Neuburg - SpeedyLook encyclopedia Enter your search terms Submit search form Web www.speedylook.com

Neuburg - SpeedyLook encyclopedia Enter your search terms Submit search form Web www.speedylook.com

Neuburg - SpeedyLook encyclopedia Enter your search terms Submit search form Web www.speedylook.com

The Neuburger Kieselerde is a natural conglomerate of fine silica fine particles and a kaolinite content ranging from 20 to 40% by weight.

The only known deposits with this particular composition are in the environs of the city of Neuburg an der Donau, that could be translated like Neuburg of the Danube, since that city is in the bank of the mentioned river. Due to its purely mineral origin, Neuburg's Siliceous Earth differs from silica or diatomaceous earth, which appears on Kiesel and has a biological origin. Currently only one company is engaged in the extraction of Siliceous Earth from Neuburg, Hoffmann Mineral GmbH in Neuburg an der Donau. Approximately 55,000 tons are sold annually and 120,000 tons of material must be extracted. After the careful generation of sludge with well water, the fine part of the siliceous earth is separated by hydrocyclones. The Neuburg Siliceous Earth is used as a value added cargo material or as an abrasive / polishing material in various applications. For its purity it is also suitable for use as a dietary supplement.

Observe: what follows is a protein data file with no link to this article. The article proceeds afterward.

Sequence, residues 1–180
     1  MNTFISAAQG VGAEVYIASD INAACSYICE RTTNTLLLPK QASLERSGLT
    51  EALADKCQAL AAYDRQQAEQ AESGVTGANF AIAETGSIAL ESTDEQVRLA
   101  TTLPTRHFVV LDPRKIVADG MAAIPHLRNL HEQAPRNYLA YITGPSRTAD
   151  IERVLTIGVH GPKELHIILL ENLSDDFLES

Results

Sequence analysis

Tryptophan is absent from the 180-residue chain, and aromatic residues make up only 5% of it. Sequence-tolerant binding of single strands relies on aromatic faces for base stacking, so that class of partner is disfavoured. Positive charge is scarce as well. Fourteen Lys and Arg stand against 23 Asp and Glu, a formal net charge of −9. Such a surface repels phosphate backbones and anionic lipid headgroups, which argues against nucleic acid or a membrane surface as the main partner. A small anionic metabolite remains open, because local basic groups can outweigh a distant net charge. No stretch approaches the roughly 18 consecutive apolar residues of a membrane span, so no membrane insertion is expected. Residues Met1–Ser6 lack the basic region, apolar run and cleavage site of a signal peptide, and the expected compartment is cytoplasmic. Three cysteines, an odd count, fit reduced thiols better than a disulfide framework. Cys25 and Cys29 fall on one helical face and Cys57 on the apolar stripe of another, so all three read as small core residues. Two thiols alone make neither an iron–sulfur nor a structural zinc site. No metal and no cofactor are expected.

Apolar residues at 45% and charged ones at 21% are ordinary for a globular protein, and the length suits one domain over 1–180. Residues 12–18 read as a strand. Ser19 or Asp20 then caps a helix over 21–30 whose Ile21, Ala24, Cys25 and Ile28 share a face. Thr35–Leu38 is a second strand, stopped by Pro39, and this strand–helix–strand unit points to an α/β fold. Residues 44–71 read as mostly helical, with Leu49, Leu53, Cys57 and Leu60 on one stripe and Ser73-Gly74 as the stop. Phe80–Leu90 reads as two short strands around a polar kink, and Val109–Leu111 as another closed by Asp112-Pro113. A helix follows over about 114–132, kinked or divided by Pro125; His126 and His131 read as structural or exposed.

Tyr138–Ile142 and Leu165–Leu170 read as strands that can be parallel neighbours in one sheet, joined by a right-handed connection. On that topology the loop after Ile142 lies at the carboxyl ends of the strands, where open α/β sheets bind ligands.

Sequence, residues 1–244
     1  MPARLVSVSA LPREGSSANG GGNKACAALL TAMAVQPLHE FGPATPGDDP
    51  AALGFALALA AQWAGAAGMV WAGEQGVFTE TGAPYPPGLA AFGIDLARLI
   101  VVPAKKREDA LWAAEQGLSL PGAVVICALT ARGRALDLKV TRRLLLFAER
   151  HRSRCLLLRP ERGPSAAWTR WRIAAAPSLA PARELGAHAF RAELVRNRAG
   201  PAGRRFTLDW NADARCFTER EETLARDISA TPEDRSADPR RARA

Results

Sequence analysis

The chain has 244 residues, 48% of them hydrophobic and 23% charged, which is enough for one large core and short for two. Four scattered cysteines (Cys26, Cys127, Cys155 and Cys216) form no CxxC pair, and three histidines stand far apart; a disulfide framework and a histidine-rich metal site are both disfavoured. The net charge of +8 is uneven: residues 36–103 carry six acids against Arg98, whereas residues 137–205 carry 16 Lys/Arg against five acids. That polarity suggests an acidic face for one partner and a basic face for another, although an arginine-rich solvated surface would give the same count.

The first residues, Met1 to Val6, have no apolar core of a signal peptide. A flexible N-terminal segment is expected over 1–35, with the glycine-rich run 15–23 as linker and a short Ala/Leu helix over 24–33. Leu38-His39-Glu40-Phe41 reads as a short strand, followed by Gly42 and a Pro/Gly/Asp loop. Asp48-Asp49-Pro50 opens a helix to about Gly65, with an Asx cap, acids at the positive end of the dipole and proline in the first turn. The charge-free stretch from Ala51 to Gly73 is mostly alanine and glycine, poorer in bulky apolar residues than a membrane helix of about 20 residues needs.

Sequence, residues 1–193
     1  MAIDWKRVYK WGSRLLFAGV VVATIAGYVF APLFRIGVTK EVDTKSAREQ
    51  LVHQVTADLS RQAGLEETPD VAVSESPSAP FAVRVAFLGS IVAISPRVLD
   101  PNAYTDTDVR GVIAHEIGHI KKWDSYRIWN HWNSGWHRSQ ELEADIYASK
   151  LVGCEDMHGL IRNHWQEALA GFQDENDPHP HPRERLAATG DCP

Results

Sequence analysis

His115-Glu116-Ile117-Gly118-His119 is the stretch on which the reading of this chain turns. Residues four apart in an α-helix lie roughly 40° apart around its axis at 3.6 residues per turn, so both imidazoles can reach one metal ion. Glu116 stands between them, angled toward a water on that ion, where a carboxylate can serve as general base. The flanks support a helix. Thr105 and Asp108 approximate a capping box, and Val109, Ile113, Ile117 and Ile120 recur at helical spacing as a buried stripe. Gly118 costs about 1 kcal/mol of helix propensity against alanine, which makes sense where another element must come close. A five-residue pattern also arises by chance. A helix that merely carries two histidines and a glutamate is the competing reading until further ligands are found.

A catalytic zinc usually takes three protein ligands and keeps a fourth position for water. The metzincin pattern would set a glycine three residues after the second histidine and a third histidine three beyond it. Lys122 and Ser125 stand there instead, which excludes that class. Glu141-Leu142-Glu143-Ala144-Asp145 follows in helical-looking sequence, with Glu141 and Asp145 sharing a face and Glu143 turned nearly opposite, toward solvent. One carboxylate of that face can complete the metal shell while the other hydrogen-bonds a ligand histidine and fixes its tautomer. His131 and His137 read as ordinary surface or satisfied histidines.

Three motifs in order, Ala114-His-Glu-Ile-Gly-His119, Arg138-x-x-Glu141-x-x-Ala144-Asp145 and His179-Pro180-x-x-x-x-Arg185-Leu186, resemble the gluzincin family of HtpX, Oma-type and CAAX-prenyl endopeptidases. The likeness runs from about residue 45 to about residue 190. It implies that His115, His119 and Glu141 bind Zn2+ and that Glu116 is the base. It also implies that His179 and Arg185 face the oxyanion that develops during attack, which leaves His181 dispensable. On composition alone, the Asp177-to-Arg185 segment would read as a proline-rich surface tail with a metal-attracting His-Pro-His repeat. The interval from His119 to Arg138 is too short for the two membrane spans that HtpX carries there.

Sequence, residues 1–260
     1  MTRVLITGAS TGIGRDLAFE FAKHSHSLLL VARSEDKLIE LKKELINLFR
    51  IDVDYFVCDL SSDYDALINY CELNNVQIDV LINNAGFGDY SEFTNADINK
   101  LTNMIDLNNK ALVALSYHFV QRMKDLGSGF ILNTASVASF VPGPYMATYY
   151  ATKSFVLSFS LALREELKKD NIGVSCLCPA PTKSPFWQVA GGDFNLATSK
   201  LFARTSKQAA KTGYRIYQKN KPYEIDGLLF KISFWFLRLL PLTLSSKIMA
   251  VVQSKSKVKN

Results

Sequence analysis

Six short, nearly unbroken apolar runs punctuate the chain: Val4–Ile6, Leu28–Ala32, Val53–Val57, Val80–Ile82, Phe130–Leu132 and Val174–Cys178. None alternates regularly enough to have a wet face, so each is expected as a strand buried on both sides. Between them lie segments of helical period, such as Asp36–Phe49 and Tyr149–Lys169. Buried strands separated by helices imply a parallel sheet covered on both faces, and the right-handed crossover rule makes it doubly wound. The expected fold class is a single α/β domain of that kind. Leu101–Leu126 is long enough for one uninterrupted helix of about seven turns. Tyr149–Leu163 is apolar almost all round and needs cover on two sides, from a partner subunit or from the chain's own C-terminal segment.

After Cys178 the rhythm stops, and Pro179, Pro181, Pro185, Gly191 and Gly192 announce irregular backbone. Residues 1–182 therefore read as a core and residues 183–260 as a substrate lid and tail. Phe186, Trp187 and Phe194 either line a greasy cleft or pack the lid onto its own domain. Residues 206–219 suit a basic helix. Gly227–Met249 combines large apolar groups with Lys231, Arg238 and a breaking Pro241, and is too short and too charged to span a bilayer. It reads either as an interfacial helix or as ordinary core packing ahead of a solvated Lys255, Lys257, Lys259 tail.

Neuburg Siliceous Earth, finished product.

The Neuburg Silicium originated between 93 and 98 million years ago in the Cenomanian, the earliest stage of the late Cretaceous period, where, at that time, a bay where the sedimentation of the remains of granite masses of the Upper Palatinate (Oberpfalz) region took place. The predominant fossil is Inoceramidae.

Structure seen in scanning electron microscope.

Mineralogy

Neuburg's Siliceous Earth is found in yams and incoming veins in the calcareous layers of the Jurassic. Certainly the most superficial deposits were always known by the locals since they had only a thin layer of earth on them. The present ones are in most cases under geologically younger layers at depths between five and twenty meters deep. Formerly the prospection was realized by the extraction of probetas by drill with manual instruments. At present, this extraction is carried out by means of mechanical drills that extract the material in a continuous and more efficient way economically, although the Siliceous Earth can be recognized easily in situ without special analysis because it differs clearly from the common earth and the limestone. / p>

Today's open pit mine.

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